5 Advocacy Tactics to Reach the New Congress in 2019

5 Advocacy Tactics to Reach the New Congress in 2019

Every advocacy professional knows that Washington’s political landscape shifted substantially in the last election. Congress is now divided, there are more than 100 new lawmakers in town and the chambers have never been more diverse.

How your organization responds to these new conditions will determine how effective your advocacy and grassroots campaigns will be this year.

From the experts at 720 Strategies, who have been helping companies, associations and nonprofits advocate before Congress for almost two decades, here are five advocacy tactics to keep in mind as you run your program.

Start with the New Faces

Scores of new lawmakers were sworn in last month. It’s your obligation to build relationships — and to do it before you need them. Think about when a new neighbor moves in. The polite thing to do is to introduce yourself and bring them something — before you ask to borrow the weed wacker. When it comes to lawmakers and their staffs, the same rules apply if you’d like to successfully raise awareness. Introduce yourself and offer to serve as a resource on your issues before you ask for their support.

Focus on Social Media Engagement

The new Congress is far younger than its predecessors, with the average age dropping by as much as 10 years, according to one estimate. In the House, there are now 25 new members who are 40 or younger and a handful are under 30. The influx of millennials in the last election will change the way business gets done.

The new Congress is far more attuned to social media. Alexandria Ocasio-Cortez, a New York Democrat and the youngest woman to ever serve in Congress at 29, has more than 2.6 million followers on Twitter. And she’s just one example. Like the president, lawmakers will increasingly be using social media to state their positions and influence policy.

Savvy organizations will match that fluency and engage lawmakers on social media. For many organizations, this will mean beefing up strength in this area and making social media a primary, two-way communication channel with Congress, rather than a broadcast-only afterthought.

Arm Yourself with Modern Listening Tools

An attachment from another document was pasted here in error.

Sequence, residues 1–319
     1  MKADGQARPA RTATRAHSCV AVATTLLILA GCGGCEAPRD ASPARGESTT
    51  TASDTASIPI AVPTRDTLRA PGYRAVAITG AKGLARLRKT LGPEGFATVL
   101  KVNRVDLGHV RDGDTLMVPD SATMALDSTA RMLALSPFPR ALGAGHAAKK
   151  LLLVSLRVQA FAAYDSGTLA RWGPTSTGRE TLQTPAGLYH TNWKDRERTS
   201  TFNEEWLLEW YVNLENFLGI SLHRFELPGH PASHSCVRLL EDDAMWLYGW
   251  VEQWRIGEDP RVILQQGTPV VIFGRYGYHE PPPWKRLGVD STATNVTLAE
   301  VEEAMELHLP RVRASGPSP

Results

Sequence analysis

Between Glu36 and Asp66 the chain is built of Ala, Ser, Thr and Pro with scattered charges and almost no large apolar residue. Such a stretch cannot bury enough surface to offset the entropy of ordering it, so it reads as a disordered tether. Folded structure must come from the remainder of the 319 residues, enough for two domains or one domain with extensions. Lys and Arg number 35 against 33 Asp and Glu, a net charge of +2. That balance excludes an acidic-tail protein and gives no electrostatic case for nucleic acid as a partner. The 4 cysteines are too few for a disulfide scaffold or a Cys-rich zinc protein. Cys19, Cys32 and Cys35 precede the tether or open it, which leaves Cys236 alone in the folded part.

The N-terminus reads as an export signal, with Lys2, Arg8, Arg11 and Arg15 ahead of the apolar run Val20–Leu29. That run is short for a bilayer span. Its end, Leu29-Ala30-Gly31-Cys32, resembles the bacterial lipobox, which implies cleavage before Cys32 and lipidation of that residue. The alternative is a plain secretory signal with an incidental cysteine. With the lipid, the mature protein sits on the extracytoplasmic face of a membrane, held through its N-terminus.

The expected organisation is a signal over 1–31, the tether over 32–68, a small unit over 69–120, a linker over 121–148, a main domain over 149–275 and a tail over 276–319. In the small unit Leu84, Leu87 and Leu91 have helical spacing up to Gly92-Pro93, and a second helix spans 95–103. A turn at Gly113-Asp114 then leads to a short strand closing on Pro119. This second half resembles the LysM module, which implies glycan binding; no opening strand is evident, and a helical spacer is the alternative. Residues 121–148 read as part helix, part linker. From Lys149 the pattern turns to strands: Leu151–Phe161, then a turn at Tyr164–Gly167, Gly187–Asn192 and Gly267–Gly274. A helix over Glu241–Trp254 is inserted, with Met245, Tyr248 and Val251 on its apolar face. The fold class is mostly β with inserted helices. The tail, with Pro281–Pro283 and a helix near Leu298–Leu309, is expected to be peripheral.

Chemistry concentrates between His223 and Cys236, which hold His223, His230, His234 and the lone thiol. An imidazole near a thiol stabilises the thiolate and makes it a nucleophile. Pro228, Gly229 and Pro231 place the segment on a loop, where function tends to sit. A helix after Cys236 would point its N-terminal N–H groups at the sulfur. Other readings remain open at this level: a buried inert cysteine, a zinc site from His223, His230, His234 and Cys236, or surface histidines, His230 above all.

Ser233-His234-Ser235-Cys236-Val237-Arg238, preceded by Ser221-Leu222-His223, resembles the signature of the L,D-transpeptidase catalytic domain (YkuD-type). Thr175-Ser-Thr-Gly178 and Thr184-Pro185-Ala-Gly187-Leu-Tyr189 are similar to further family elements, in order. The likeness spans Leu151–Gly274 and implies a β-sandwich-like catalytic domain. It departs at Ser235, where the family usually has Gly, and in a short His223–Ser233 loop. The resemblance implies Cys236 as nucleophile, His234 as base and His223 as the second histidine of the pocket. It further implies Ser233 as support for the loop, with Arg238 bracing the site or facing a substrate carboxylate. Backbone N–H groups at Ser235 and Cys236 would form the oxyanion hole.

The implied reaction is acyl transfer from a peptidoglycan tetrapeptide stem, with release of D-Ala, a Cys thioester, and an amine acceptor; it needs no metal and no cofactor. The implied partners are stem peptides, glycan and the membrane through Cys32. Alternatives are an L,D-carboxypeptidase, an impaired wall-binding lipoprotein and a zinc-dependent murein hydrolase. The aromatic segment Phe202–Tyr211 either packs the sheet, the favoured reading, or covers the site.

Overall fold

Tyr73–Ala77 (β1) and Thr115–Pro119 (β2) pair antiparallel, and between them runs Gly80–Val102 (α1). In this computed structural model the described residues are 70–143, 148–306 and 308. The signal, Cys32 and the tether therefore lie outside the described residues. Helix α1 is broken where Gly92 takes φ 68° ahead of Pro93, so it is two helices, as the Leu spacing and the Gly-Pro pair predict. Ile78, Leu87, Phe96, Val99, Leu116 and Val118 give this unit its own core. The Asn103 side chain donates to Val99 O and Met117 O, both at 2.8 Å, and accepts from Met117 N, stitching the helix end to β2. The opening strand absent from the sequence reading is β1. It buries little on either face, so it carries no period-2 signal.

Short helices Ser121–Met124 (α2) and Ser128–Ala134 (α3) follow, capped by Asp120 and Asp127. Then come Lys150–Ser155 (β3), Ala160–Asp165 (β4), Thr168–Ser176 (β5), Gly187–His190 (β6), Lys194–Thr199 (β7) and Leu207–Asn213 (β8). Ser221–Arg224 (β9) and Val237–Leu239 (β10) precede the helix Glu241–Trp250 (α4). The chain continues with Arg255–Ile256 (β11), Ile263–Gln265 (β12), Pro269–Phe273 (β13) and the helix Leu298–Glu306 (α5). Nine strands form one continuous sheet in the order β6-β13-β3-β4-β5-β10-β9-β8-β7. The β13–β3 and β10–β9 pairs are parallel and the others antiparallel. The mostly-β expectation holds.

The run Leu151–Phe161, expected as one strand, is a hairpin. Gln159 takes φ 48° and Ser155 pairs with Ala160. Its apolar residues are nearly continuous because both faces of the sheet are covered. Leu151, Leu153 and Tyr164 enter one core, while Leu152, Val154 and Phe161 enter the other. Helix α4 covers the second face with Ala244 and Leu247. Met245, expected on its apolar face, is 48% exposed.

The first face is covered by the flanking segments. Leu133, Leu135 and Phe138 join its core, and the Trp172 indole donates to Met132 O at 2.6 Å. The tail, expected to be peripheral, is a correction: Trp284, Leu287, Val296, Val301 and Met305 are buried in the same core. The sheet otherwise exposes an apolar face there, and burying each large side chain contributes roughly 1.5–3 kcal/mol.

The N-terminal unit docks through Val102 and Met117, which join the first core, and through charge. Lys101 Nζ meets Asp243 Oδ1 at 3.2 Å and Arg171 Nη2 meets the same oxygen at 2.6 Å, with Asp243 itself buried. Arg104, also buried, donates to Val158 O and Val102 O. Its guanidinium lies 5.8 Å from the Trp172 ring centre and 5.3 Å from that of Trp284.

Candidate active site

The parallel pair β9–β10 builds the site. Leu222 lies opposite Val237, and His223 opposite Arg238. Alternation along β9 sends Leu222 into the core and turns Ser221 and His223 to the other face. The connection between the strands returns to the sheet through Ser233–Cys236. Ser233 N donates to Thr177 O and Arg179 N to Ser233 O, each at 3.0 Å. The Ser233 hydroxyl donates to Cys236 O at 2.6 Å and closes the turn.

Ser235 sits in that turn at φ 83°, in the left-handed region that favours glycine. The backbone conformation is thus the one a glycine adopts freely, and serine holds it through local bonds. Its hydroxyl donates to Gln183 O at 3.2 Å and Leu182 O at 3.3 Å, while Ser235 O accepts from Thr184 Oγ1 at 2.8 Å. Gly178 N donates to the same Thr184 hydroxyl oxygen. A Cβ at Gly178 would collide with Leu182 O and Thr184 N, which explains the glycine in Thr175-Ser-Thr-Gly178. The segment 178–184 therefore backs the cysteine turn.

Sophisticated communication, especially on social media, goes beyond staffing, a content calendar and a Hootsuite account. It means modern media analysis and social listening tools that tune your organization into the conversations happening among your stakeholders and constituencies.

For example, 720 Strategies’ Calibrate720 uses artificial intelligence to track hundreds of thousands of sources, providing real-time traditional and social media analysis in order to shape effective messages and drive the ROI of communications campaigns. Based on software developed for the United States government, Calibrate720 helps organizations anticipate, react and measure the impact of their communications, ethically analyzing digital sources of public data, considering the meaning of coverage, and sorting data based upon specific communications objectives. Modern strategies require the latest technologies.

Remember, Retail Works

Of course, there will always be room for face-to-face engagement. Whether you hold a fly-in and visit members of Congress or invite lawmakers to tour your facility in their district and speak to your people, in-person communication will resonate greatly with new lawmakers who are still finding their way. Whatever else you do, and it may be a lot, make sure that lawmakers know you represent real people and that your program has a face.

Let Constituents Do the Talking

Lawmakers are elected by constituents and are beholden to them, and that’s who they want to hear from. Communications from constituents will always carry more weight, especially in the House, where lawmakers face voters every two years. When you reach out to lawmakers, whether that is in person, via email or on social media, make sure that constituents are part of your plan. An authentic message from a constituent will always ring true.